bernard_L Member

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    I am making statements based on the lens in front of me.
    • The arm on the SRT101 body that receives the "intended aperture" from the lens is in the exact same position when the 55/1.7 and the 85-210/4.5 are at their respective maximum apertures. Remember, in case you missed that in an earlier post, the body only knows: "intended aperture minus maximum aperture"; that is all it needs to know.
    • I might make the discrepancy (in apertures required to make the camera's body happy) worse by shifting the gears in the Adaptall in one direction, but I cannot reduce it by an opposite action because when the f-stop scale on the lens main body is at maximum (4.5) the actuating lever (linkage to the body) on the Adaptall is at the mechanical end of allowed travel, against the end of a slot in the Adaptall.
    The two observations consistently tell me that I have re-assembled the lens correctly.
     
    Last edited: Mar 8, 2018
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    bernard_L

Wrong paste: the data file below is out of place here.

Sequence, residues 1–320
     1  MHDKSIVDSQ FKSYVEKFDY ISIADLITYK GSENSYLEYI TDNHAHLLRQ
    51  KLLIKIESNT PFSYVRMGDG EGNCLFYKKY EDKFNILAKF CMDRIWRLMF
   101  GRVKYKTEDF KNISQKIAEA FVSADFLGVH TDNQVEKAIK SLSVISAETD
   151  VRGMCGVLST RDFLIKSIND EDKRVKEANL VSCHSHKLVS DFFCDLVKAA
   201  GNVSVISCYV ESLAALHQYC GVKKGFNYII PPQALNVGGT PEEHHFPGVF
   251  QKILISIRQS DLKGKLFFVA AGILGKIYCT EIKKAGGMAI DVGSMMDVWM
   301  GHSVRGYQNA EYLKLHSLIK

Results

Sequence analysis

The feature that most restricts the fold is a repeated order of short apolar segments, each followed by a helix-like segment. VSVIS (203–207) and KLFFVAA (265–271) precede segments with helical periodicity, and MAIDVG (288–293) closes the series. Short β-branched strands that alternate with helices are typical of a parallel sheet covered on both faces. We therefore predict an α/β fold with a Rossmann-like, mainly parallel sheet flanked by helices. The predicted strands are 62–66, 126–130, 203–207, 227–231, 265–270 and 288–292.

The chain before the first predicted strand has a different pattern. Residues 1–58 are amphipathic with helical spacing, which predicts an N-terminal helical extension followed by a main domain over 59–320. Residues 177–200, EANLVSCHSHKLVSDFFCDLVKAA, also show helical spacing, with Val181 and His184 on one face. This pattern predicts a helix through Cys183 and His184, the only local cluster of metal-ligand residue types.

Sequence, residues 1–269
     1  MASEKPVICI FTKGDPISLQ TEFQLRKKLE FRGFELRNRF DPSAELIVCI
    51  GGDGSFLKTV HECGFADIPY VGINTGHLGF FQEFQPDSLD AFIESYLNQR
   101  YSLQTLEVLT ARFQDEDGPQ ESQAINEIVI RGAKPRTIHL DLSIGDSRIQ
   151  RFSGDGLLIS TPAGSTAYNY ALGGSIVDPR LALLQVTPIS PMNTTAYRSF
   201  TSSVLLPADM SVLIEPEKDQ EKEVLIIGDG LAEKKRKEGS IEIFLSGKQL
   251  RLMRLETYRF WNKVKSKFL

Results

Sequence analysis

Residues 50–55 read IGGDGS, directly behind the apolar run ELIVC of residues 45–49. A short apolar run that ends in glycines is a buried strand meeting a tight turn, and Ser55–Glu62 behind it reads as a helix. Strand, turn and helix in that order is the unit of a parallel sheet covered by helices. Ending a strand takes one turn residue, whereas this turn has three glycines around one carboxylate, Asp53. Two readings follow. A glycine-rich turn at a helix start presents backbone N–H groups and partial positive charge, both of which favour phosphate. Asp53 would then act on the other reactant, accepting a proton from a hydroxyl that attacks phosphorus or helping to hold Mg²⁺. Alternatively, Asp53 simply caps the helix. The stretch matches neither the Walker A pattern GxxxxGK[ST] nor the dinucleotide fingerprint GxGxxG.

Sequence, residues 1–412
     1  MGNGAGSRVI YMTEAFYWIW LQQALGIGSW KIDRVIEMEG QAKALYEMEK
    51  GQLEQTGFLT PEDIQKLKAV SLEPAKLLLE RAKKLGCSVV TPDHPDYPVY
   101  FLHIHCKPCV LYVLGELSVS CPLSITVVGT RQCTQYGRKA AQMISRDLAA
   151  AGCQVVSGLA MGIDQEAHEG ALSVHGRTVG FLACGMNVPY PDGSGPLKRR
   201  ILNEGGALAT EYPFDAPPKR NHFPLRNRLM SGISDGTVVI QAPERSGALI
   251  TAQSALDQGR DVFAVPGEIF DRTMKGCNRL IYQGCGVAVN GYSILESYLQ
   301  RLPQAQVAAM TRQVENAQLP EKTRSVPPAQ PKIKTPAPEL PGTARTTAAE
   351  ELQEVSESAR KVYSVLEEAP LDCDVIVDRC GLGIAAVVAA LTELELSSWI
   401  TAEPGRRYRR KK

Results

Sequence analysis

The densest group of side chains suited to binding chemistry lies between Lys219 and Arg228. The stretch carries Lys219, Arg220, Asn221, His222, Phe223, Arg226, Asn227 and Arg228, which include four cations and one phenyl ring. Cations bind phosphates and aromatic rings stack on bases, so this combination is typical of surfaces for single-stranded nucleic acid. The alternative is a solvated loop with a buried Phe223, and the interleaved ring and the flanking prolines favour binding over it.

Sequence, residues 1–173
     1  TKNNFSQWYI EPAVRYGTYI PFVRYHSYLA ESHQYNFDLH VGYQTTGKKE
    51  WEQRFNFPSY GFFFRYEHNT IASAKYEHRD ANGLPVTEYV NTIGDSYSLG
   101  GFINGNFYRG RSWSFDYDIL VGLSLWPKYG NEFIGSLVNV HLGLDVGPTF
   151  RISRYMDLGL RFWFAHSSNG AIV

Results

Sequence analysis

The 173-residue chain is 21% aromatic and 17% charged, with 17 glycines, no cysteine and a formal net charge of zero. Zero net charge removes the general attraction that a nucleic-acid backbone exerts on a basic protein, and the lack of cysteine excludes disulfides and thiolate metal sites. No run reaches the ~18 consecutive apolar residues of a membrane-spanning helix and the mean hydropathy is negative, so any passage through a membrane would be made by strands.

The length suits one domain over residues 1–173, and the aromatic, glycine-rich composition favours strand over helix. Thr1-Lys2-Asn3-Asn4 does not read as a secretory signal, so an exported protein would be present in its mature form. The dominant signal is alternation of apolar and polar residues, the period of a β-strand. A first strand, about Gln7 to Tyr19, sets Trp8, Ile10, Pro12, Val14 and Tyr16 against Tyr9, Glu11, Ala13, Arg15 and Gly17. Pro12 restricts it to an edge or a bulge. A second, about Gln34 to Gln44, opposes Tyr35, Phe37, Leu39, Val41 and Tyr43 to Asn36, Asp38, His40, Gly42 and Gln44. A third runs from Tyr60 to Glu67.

bernard_L Member

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    Well, I've done the measurement. I did "have some loose lens parts lying around". On the left an alignment scope that can focus from infinity down to a few inches, with the reticle tracking a true straight line within xx microradians. And on the right the DUT (device under test) mounted on a micrometric translation stage. Before some one asks, yes, the scope was focused on the entrance pupil of the lens. And before someone asks, I know that is not located at the beauty ring of the lens.
    Pupil_Meas.JPG
    Results as follows:
    Focal LengthPupil diameterf/D
    8519.014.47
    10021.964.55
    15032.944.55
    Download
    I could not make the measurement at f=210mm, because the travel of the translation stage was not large enough to measure the pupil diameter. Nevertheless the measurements seem to support that the lens is indeed f:4.5 constant.

    And so the problem must be transmission, consistent with the evidence mentioned by Agx in post #13 above. Now I'm putting the lens back on display for sale at the charity. As I already said, it is quite well built. I did not test the image quality, but at least one blog author is enthusiastic.
     
  20. Mr Bill

    Mr Bill Member

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    Cool. Your setup is not quite as crude as I had in mind, though (wink).